Connections to the GCSE, AS and A level specifications
- Theatrical style
- Methods of creating, developing, rehearsing and performing
- Artistic intentions
- Theatrical purpose
- The relationship between actor and audience in theory and practice
PC: If Artaud’s work is so connected to his life and experience how can someone create something Artaudian?
RM: It should definitely be rooted in the body. They can think about how they can use their body, their own experience of their body, to express something. Not necessarily in words. The way that he writes about breath is possibly a good starting point for putting Artaud into practice. In The Theatre and the Plague he is interested in the plague because the two organs that the plague has its effect on are organs that you can consciously manipulate: the brain and the lungs. He says that you can control your thoughts and you can also control your breathing. Playing with those two, particularly the breath, you don’t want to hyper-ventilate, but thinking about using things that you would think of as being bodily functions that are somehow automatic and disrupting them in some way. And doing that with language as well.
PC: Disrupting language?
RM: Using glossolalia, improvising around shouting and making noises. Starting with a sentence and undo it.
PC: Understanding how language emerges and develops in young children may be interesting to look at. Students could reverse that process when working on a text. Finding how the simplest human sounds impact on the body.
RM: Yes and what they can do to a text. The violence that they can do to the text. Rather than the violence they can do to the body. The violence that they can do to the text using their body in some way. It is difficult to say how someone can do something ‘Artaudian’ because as Grotowski writes: the paradox of Artaud is it is impossible to carry out his proposals.
PC: To a certain extent I think all practitioners are difficult to replicate because they are so rooted in a specific context: Grotowski’s work came out of a response to the Polish experience of Nazism, specifically concentration camps. Brecht was responding to the rise of Nazism and life in Germany under Nazism. But these practitioners had work produced and there are detailed records of their productions: photographs and films.
RM: Yes, he didn’t actually do very much, which makes Artaud so difficult. His theatre didn’t really exist. There was Les Cenci but it was a failure. All his theatre projects ended up as a failure. Not only with theatre, he had a film career as an actor then he wanted to make films and that was a disaster. He never actually produced a book: all of his texts are manifestos and notes on things. He never actually produced anything that was complete. Which makes it difficult but, at the same time, a lot of the ideas are accessible.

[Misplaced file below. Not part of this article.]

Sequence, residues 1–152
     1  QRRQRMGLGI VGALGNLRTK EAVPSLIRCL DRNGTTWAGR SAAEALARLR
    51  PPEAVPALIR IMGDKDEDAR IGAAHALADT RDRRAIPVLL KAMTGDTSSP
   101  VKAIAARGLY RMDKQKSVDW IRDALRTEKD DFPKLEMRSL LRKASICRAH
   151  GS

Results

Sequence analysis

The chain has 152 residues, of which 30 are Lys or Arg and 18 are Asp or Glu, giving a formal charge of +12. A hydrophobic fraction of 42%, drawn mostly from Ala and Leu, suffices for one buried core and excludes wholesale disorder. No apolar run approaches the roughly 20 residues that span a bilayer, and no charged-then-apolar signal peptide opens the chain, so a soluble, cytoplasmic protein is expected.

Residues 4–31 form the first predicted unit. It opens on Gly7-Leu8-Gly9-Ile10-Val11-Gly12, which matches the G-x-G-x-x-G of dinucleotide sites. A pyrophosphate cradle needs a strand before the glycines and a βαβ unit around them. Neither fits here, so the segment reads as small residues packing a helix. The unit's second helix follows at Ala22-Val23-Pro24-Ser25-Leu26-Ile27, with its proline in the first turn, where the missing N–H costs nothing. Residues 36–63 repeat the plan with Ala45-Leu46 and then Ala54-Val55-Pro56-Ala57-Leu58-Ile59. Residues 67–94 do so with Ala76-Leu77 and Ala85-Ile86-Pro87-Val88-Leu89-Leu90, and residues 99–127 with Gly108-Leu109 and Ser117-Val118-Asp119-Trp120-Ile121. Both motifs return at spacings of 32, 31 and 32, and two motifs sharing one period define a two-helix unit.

PC: Did he want it to fail? Was the act of failing in a strange way evidence for his theories. Did he think that representation is impossible therefore it will fail? Like a kind of professional self-harming?
RM: Yes. There are two things going on with Artaud, particularly when you read all his letters to his editors: on the one hand he was absolutely desperate to make money and to live, so publishing texts was a necessity to make a living but at the same time he was absolutely resistant to completion. Yes I think you’re right. Essentially he needed all his work to fail in some way to be able to prove that representation itself was doomed to failure. So there is another paradox: he needed it to fail in order for it to succeed; to show that language and representation is inherently flawed.
PC: You mentioned Artaud’s plague metaphor. Could you explain that metaphor and how it influenced his vision for theatre?
RM: He wrote about how the theatre should be like a plague. The thing he highlighted in the plague was the contagion. It should be this contagious, uncontrollable force that invades the body of the actor rendering all their intellectual capabilities useless: turning them into this pure, affective energy. It is a central metaphor for Artaud. There is a question to the extent to which it is metaphor or to which he really means it. I mean, it is a metaphor but he takes it so far that it seems like he is actually talking about a plague.
PC: Does he propose that the performance should infect the audience then?
RM: It is the sense that there is no escape from it. If you are in the room, you’ll have the plague, you’re going to be infected by this energy, this destructive force. It doesn’t care who you are, you can be anybody and you can still be infected by it. The plague knows no social hierarchy or nationality or language barriers.
PC: How much research did he do about the plague or did he take the simple concept of plague and then run with it?
RM: I’m not sure about his research into the plague. He read The Book of the Dead and he did a lot of research into Ancient Egyptian culture and also into magic, Jewish mysticism and the Kabbalah and so on, beyond that I don’t think he did a huge amount of research about anything. He does talk about specific instances: there had been an outbreak of the plague in Marseille but I think it was a pretext for his ideas.
- To create ‘Artaudian’ work think about how you can use your body, your own experience of your body, to express something.
- Artaud makes a connection between the plague and the theatre. Both should effect the brain and lungs.
- Theatre should be this contagious, uncontrollable force that invades the body of the actor rendering all their intellectual capabilities useless: turning them into this pure, affective energy.
- Artaudian work is about the violence that you can do to a text using their body in some way.
- Artaud needed all his work to fail in some way to be able to prove that representation itself was doomed to failure.